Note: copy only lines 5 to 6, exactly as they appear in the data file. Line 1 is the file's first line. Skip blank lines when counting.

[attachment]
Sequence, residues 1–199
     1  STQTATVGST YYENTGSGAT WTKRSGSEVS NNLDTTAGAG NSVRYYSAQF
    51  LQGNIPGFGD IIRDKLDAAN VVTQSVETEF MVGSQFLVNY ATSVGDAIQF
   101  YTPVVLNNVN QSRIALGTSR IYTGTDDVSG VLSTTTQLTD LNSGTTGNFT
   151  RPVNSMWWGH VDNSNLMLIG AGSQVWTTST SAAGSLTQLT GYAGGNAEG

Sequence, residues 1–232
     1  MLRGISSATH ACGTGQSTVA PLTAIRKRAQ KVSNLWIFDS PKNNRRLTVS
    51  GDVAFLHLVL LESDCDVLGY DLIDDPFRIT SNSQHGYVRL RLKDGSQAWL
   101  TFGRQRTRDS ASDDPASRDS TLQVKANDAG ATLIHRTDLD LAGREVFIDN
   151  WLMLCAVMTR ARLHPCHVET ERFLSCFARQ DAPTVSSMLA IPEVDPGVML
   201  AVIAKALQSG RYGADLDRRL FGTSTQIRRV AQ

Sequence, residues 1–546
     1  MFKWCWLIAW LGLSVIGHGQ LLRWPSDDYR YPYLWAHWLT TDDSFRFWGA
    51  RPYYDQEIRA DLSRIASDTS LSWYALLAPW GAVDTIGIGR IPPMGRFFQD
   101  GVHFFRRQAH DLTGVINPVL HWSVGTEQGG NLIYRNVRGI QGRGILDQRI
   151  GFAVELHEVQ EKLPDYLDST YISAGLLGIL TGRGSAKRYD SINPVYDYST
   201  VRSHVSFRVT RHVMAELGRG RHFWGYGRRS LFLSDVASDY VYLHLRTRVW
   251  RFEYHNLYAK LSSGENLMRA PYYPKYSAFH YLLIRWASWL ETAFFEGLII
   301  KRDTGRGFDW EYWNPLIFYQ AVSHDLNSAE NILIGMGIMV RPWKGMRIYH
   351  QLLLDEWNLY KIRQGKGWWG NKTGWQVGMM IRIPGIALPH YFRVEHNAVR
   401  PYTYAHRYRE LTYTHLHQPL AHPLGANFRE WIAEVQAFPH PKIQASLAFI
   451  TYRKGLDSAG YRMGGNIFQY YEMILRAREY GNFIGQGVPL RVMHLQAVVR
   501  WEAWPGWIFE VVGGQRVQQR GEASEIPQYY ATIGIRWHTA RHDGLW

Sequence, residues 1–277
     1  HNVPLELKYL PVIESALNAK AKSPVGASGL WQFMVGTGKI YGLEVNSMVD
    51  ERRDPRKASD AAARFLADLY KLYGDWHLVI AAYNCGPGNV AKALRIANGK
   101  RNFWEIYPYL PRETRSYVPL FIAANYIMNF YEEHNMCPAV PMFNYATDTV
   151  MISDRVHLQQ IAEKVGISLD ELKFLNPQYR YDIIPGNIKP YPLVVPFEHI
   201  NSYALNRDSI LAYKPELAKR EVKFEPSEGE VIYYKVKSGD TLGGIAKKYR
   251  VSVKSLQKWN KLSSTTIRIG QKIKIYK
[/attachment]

   151  RPVNSMWWGH VDNSNLMLIG AGSQVWTTST SAAGSLTQLT GYAGGNAEG

Sequence, residues 1–232